[00:11:37] Bhav: Where I’m working right now, we don’t have the same team structures, but I guess my approach is communication, communication, communication. So I think one of the things I learnt a lot at Gousto is like the best things you can do, especially when you work in these remote conditions like most of us are working at the moment. There’s no such thing as oversharing, and I think keeping people informed about what you’re doing is the best way to keep them in the loop. Because I think working in this remote environment, we miss those coffee chats and those water cooler chats, but moving to a remote environment the act of over-communicating just to keep people informed, I think that’s probably the best way to overcome silos.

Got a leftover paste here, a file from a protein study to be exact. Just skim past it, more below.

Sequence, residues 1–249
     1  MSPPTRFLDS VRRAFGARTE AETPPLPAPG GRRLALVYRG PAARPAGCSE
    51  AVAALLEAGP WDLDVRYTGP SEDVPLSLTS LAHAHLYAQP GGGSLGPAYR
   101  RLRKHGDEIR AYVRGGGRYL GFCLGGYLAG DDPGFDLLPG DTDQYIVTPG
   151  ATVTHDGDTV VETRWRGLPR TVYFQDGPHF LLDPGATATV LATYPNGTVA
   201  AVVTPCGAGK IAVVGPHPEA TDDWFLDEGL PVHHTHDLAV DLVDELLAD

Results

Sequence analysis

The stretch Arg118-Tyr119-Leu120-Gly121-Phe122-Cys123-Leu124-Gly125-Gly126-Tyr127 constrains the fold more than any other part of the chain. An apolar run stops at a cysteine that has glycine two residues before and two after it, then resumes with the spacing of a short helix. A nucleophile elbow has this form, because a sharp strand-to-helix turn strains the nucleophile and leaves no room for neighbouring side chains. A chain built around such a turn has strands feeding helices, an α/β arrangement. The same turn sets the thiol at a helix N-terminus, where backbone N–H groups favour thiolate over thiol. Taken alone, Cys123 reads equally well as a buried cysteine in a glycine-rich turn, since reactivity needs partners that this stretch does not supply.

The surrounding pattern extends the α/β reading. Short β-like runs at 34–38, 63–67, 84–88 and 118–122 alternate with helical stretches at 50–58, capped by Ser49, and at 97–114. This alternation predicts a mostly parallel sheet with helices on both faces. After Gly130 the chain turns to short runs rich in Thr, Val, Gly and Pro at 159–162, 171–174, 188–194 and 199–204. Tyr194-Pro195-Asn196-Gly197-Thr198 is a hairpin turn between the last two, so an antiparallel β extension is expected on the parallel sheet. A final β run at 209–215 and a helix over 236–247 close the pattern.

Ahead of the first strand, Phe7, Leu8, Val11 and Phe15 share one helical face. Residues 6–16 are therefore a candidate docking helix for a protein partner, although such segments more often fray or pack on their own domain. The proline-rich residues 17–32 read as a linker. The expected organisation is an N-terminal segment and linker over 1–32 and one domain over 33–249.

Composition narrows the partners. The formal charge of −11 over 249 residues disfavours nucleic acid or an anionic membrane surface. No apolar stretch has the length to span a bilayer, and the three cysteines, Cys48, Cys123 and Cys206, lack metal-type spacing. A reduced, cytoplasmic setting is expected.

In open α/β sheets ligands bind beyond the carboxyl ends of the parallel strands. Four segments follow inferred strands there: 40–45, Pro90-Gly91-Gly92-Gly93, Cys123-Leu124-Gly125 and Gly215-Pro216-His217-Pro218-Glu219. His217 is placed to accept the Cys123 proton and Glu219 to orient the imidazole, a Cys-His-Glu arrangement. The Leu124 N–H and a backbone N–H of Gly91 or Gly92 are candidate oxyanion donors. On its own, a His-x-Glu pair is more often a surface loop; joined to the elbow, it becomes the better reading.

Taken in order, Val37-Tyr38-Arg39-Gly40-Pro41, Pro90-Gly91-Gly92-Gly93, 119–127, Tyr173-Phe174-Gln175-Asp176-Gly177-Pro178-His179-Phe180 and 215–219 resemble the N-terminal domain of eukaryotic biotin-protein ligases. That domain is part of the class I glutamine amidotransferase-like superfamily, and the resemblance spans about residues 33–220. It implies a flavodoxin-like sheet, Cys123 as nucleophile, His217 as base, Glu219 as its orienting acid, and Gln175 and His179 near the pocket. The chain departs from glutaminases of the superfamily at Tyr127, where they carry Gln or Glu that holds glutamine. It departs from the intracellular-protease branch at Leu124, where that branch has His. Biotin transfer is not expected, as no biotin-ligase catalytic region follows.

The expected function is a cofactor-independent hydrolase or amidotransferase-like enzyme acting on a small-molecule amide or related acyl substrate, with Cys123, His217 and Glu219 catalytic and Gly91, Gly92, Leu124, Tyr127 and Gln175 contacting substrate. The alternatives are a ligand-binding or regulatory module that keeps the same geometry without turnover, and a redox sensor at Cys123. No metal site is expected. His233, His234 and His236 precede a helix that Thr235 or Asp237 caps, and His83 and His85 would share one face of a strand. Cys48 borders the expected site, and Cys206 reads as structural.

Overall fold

[00:12:08] Daniel: So, is it fair to say then. So going back to the product analytics, marketing analytics, it’s like the marketing analytics is driving people in or driving the kind of top of the funnel activity, trying to widen that, trying to get people in. You’ve got the kind of CRO kind of middle of the funnel, trying to convert them once they’re on the website or the application and then the product analytics is more about retention and it’s about creating that sticky product, so that there’s less churn. So in a sense, we’re working in the same funnel, we’re just at different ends of that funnel and different roles or different focuses have different areas of specialisms.